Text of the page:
Paying too high a price Managers' desire to grow may stem less from a desire to benefit
for the target shareholders and more from a desire to empire-build or to make the
company less of a takeover target; so they may overpay to acquire
the target.

To minimise these risks a firm should have a clear post-integration strategy. This should
include:
(a) Control of key factors – eg new capex approval centralised
(b) Reporting relationships – appoint new management and establish reporting lines quickly
(c) Objectives and plans – to reassure staff and customers
(d) Organisation structure – integrating business processes to maximise synergies
(e) Position audit of the acquired company – build understanding of the issues faced by the target
via regular online employee surveys and strategy discussion forums with front line staff and
managers.

One of the performance objectives in your PER is to 'review the financial and strategic consequences
of an investment decision'. This chapter evaluates mergers and acquisitions as a method of corporate
PER alert
expansion and also looks at the potential corporate consequences of such activity. This information
will be invaluable in practice, as it gives you an idea of the issues that might arise when considering
the viability of mergers and acquisitions.

177
4 Reverse takeovers
Reverse takeover: a situation where a smaller quoted company (S Co) takes over a larger
unquoted company (L Co) by a share-for-share exchange.
Key term

To acquire L Co, a large number of S Co shares will have to be issued to L Co's shareholders. This
will mean that L Co will hold the majority of shares and will therefore have control of
the company.
The company will then often be renamed, and it is normal for the larger company (L Co) to impose its
own name on the new entity.

Illustration 1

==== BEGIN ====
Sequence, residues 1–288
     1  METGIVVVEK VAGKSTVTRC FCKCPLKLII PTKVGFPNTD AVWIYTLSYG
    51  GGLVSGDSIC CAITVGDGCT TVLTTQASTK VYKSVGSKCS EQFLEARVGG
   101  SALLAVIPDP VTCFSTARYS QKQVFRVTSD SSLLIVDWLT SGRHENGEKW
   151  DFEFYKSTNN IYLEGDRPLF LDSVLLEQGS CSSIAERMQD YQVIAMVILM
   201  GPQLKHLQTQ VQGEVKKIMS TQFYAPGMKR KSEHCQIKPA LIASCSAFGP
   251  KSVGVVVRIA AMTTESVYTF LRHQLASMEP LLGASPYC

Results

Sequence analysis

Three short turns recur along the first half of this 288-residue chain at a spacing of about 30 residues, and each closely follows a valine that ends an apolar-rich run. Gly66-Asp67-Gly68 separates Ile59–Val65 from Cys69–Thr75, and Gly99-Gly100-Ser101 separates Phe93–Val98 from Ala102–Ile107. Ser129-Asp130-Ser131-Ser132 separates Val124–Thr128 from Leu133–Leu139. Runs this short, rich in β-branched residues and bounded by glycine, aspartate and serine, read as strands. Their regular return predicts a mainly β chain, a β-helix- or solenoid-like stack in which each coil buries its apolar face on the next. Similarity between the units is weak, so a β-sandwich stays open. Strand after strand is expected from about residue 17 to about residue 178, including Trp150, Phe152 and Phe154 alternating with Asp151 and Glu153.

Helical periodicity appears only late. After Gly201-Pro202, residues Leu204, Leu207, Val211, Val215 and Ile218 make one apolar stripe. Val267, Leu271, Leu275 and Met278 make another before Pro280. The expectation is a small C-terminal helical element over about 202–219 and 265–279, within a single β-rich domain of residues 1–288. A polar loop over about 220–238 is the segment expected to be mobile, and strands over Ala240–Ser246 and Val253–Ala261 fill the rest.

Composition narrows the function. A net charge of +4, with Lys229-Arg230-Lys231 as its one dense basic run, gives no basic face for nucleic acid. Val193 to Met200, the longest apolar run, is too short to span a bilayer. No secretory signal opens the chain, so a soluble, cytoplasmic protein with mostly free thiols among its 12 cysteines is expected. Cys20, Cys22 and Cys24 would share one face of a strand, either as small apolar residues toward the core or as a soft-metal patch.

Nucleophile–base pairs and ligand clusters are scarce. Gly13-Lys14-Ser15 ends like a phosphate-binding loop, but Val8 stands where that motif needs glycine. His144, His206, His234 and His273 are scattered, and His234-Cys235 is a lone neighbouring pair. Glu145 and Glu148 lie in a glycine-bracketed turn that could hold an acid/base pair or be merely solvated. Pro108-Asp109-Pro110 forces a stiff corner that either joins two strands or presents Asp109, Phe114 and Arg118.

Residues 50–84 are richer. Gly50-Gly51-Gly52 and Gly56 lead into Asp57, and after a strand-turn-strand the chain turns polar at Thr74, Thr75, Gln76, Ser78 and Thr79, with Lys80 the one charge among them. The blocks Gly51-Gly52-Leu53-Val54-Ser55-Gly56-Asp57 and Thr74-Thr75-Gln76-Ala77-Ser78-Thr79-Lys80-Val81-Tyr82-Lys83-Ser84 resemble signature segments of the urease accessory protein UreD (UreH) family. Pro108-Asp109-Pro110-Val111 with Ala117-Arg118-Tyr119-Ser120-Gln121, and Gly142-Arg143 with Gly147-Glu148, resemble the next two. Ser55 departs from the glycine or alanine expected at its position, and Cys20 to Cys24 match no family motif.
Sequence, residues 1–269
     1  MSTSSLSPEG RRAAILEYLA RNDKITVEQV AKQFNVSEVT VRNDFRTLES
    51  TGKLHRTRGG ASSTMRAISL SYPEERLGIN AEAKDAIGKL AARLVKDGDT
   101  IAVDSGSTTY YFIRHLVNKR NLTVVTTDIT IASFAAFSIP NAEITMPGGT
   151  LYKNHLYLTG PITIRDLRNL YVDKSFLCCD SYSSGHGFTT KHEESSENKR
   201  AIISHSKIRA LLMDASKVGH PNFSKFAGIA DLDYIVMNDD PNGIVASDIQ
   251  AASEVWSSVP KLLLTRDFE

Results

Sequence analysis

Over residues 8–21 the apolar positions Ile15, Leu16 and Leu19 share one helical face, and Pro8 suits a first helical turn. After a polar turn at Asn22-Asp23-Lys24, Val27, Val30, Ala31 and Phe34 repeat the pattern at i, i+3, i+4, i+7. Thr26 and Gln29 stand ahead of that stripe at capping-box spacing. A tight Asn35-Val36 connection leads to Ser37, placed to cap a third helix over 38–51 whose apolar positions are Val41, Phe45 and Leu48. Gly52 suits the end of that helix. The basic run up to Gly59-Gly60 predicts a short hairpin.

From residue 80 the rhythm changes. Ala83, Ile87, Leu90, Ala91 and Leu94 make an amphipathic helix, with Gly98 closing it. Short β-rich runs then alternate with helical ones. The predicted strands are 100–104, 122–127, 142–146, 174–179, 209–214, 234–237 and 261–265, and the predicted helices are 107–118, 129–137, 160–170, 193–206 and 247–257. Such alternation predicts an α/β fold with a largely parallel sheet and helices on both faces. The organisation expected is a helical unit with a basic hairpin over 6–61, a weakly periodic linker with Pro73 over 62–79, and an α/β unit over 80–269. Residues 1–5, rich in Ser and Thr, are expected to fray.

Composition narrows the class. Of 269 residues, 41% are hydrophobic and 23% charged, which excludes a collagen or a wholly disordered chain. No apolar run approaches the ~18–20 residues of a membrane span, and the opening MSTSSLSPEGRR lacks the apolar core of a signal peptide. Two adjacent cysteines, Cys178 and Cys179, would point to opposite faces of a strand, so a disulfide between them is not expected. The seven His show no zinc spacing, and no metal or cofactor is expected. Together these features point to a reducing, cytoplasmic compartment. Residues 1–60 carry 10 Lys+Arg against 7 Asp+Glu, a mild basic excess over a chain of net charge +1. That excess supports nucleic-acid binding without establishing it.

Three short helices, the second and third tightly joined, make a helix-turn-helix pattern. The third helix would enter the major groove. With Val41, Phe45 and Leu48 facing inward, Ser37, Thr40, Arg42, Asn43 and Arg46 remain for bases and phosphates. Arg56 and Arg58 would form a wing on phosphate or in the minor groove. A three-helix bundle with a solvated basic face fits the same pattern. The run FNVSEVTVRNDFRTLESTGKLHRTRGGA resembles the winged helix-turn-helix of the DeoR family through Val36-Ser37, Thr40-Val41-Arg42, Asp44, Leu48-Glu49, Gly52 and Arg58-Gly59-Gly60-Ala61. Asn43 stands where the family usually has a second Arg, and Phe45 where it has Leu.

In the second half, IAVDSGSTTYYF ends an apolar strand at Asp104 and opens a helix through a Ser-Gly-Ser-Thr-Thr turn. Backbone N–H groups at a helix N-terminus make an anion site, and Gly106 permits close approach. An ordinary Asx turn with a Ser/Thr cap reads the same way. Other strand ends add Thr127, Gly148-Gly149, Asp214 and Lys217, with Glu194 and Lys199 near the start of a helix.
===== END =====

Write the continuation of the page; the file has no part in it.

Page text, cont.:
In 2007, Eddie Stobart, a well-known UK road haulage company, used a reverse takeover to
obtain a listing on the London Stock Exchange. This deal combined Eddie Stobart's road
transport, warehouse and rail freight operations, with Westbury (a property and logistics group).
Eddie Stobart's owners, William Stobart and Andrew Tinkler, were appointed chief executive and
chief operating officer of the new company. They owned 28.5% of the new company following the
merger.
The merged group was renamed Stobart and took up Westbury's share listing.

4.1 Advantages and disadvantages of a reverse takeover vs an IPO


A reverse takeover is a route to a company obtaining a stock market listing. Compared to an initial
public offering (IPO), a reverse takeover has a number of potential advantages and disadvantages:

Advantages of reverse takeovers Disadvantages of reverse takeovers

Speed Risk
 An IPO typically takes between one and  There is the risk that the listed company being
two years. By contrast, a reverse used to facilitate a reverse takeover may have
takeover can be completed in a matter some liabilities that are not clear from its
of months. financial statements.

Cost Lack of expertise


 Unlike an IPO, a reverse takeover will  Running a listed company requires an
not incur advertising and underwriting understanding of the regulatory procedures
costs. In addition a reverse takeover required to comply with stock market rules.
results in two companies combining There is the risk that the unlisted company that
together, with the possibility of is engineering the reverse takeover does not
synergies (see earlier) resulting from have a full understanding of these
this combination. requirements.

Availability Share price decrease


 In a downturn, it may be difficult to  If the shareholders in the listed company sell
stimulate investor appetite for an IPO. their shares after the reverse takeover then this